Memory shared between different security realms will arise in many
different scenarios. As this is not console specific it should be in a
separate extension. That extension should be defined once we have
clarity about how security realms are managed.
I would like to understand more about the security concerns you raised.
Can you please elaborate on this ?

As you pointed out, there are other possible use cases(e.g STA, PMU)
for shared memory between
S & M mode or VS & HS mode. It would be good to address these concerns right now
instead of discussing those in each individual extension context.




Set the shared memory area specified by `addr_div_by_2` and `size`
%s/addr_div_by_2/addr_div_by_4/
Okay, I will update.


parameters. The `addr_div_by_4` parameter is base address of the
%s/is base/is the base/
Okay, I will update.


shared memory area right shifted by 2 whereas `size` parameter is
the size of shared memory area in bytes.
Why shifting the address? I would prefer to keep it simple for the
caller. If the alignment is not suitable, return an error.

But why is an alignment needed here at all? And why 4 aligned?
For RV32 S-mode, the physical address space is 34bits wide but
"unsigned long" is 32bits wide. This is because Sv32 PTEs allow
34bits of PPN. In fact, even instructions such as HFENCE.GVMA
have this "address right shift by 2" requirement based on this rationale.



The shared memory area should be normal cacheable memory for the
supervisor-mode software. Also, the shared memory area is global
across all HARTs so SBI implementation must ensure atomicity in
setting the shared memory area.

Errors:
SBI_SUCCESS - Shared memory area set successfully.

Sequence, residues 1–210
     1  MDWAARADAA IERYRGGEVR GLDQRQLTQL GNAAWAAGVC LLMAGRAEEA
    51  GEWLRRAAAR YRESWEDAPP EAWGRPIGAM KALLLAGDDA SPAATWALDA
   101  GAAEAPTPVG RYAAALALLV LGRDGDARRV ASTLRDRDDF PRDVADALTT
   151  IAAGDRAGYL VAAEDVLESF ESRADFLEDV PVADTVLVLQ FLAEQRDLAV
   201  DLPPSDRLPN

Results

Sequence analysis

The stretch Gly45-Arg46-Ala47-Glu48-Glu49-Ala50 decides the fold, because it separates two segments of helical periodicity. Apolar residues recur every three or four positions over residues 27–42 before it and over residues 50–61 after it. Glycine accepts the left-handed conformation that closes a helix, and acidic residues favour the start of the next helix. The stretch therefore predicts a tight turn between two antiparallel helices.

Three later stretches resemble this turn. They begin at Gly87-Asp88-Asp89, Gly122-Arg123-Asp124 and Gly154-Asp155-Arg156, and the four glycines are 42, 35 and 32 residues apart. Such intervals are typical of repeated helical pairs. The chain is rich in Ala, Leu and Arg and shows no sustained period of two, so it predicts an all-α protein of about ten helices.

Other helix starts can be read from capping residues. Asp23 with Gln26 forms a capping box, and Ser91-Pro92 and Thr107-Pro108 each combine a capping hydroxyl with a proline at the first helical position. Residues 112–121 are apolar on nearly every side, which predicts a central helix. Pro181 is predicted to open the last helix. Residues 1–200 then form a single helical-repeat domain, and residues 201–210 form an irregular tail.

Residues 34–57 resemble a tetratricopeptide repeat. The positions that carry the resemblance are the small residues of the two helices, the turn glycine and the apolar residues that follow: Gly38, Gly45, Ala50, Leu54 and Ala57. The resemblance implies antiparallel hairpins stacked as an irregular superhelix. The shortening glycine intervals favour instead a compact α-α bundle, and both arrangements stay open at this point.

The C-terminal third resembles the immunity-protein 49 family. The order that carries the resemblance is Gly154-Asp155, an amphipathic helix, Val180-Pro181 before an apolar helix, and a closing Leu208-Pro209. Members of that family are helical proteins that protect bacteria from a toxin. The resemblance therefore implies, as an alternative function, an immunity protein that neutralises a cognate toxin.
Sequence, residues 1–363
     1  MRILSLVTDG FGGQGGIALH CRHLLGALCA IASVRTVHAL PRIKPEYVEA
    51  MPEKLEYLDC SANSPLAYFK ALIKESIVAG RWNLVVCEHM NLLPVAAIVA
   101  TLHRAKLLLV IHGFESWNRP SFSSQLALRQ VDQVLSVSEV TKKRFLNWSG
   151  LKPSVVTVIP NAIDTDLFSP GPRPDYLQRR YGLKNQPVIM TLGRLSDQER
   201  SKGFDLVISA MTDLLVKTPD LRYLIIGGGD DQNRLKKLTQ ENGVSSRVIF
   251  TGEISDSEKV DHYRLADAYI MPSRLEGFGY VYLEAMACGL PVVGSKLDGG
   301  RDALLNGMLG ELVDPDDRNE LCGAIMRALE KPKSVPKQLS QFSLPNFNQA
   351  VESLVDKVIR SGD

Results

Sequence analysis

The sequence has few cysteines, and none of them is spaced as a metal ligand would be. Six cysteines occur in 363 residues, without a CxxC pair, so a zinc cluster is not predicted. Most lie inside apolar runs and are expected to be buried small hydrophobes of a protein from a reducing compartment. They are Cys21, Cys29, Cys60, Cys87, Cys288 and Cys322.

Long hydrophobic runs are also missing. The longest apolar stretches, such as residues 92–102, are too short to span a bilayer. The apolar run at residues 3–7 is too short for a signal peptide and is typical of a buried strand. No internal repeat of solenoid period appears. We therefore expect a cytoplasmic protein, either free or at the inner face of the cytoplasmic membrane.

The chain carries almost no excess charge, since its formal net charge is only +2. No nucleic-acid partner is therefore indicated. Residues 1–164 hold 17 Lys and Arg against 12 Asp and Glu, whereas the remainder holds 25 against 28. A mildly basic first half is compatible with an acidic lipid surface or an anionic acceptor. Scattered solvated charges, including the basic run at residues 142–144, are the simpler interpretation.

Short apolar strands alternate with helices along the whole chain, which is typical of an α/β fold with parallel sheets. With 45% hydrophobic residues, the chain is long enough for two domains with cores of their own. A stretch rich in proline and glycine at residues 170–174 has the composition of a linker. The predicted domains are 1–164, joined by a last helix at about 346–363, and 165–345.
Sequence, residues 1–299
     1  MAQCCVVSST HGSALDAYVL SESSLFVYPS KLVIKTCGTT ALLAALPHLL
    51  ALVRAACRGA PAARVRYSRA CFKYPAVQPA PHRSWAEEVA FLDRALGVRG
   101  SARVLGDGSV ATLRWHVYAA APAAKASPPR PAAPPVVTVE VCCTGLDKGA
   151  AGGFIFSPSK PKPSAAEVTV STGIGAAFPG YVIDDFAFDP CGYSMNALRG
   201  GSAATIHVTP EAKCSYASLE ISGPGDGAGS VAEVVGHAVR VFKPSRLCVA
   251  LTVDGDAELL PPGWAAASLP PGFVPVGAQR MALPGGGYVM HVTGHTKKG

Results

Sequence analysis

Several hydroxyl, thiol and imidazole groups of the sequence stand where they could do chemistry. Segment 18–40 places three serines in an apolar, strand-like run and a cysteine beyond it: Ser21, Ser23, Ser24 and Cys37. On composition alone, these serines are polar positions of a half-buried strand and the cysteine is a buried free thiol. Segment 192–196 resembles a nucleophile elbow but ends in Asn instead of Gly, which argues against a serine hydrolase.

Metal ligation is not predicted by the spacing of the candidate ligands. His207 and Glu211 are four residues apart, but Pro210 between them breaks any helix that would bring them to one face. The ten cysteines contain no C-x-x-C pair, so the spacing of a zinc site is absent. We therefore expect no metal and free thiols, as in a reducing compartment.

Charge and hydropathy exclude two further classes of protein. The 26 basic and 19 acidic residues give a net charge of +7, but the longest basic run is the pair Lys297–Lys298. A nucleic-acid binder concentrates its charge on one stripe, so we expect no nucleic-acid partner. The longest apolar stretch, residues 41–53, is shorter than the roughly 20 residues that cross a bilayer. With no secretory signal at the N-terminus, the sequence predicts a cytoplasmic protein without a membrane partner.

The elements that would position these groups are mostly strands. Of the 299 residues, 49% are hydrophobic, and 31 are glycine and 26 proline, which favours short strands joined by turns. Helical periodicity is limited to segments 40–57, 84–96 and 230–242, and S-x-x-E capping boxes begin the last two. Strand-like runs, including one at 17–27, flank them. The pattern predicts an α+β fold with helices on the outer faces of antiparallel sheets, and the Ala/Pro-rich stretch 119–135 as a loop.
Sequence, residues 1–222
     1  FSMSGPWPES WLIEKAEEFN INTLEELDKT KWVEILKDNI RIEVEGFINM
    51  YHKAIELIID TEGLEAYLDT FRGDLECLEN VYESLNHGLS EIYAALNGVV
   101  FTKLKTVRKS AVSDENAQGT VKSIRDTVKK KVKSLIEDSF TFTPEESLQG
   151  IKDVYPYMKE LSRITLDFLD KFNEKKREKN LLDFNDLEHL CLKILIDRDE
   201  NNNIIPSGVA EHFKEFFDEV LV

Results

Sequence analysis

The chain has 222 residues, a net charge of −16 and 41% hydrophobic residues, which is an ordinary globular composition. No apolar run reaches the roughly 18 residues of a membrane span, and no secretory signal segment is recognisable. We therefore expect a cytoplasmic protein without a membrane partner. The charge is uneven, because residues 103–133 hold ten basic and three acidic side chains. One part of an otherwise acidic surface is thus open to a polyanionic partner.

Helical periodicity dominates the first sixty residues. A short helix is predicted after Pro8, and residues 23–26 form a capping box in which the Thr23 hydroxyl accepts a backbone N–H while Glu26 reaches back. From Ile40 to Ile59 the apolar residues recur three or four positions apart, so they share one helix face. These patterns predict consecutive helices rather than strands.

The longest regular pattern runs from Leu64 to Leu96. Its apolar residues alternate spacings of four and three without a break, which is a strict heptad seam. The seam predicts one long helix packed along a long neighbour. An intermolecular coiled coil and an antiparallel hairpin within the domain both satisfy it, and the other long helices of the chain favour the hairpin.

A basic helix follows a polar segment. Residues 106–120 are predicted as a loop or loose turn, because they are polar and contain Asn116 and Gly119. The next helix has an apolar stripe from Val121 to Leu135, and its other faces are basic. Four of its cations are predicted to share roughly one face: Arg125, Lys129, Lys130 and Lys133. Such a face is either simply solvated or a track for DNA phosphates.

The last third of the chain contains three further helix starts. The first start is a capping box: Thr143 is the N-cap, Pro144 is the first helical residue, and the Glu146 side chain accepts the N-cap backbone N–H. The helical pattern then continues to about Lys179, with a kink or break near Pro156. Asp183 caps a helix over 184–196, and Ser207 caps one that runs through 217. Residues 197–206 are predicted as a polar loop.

SBI_ERR_INVALID_ADDRESS - The shared memory area pointed by
`addr_div_by_2` and `size` parameters
is not normal cacheable memory or not
accessible to supervisor-mode software.

Function: Console Puts (FID #1)
-------------------------------

struct sbiret sbi_debug_console_puts(unsigned long area_offset,
unsigned long num_chars)
I would prefer to simply pass a physical address pointer here with no
requirements on alignment. And no prior SBI call.
sbi_debug_console_set_area() might be called with different values by
different threads. An offset is ambiguous as it does not define to which
of the different shared areas it relates. Please, use a pointer.


Do we need num_chars? Are we expecting to provide binary output? Using
0x00 as terminator would be adequate in most cases.
Bare-metal tests (or assembly sources) can print sub-strings from
a large per-populated string in shared memory. Assuming that string
is always terminated by 0x00 in sbi_debug_console_puts() will break
this flexibility.
OK



What is the requirement on the console? Does it have to support 8bit
output to allow for UTF-8?
We need to clarify this. Suggestions ?
The platform specification would be the right place to require 8-bit
support for the console.



Do we make any assumptions about encoding?
Same as above, this needs more clarification. Suggestions ?
We should add to the platform specification that UTF-8 output is assumed
on the serial console.


I am of the opinion to keep such encoding related assumptions to be
minimal.


How would we handle a console set up to 7bit + parity if a character >
0x7f is sent?
I would consider this to be part of the clarification we add for encoding.
We should state if extra bits are ignored or the bytes are not send.
The easiest thing is to just ignore the extra bits. So let't state this
here.

Best regards

Heinrich




Print the string specified by `area_offset` and `num_chars` on
the debug console. The `area_offset` parameter is the start of
string in the shard memory area whereas `num_chars` parameter
%s/shard/shared/
Okay, I will update.


is the number of characters (or bytes) in the string.

This is a blocking SBI call and will only return after printing
all characters of the string.

Errors:
SBI_SUCCESS - Characters printed successfully.
SBI_ERR_INVALID_ADDRESS - The start of the string (i.e.
`area_offset`) or end of the string
(i.e. `area_offset + num_chars`) is
outside shared memory area.
There could be other reasons of failures:

* set up of the UART failed in OpenSBI
* no UART defined in the device-tree
* ...

So let us add SBI_ERR_FAILED to the list.
Okay, I will add.


Best regards

Heinrich
Regards,
Anup





Re: [sig-hypervisors] [RISC-V] [tech-unixplatformspec] SBI Debug Console Extension Proposal (Draft v1)

Anup Patel
 

Hi Stefano,

On Fri, Jun 3, 2022 at 2:35 AM Stefano Stabellini
<stefano.stabellini@...> wrote:

On Thu, 2 Jun 2022, Greg Favor wrote:
On Thu, Jun 2, 2022 at 1:29 PM Stefano Stabellini <stefano.stabellini@...> wrote:
On Thu, 2 Jun 2022, Vedvyas Shanbhogue via lists.riscv.org wrote: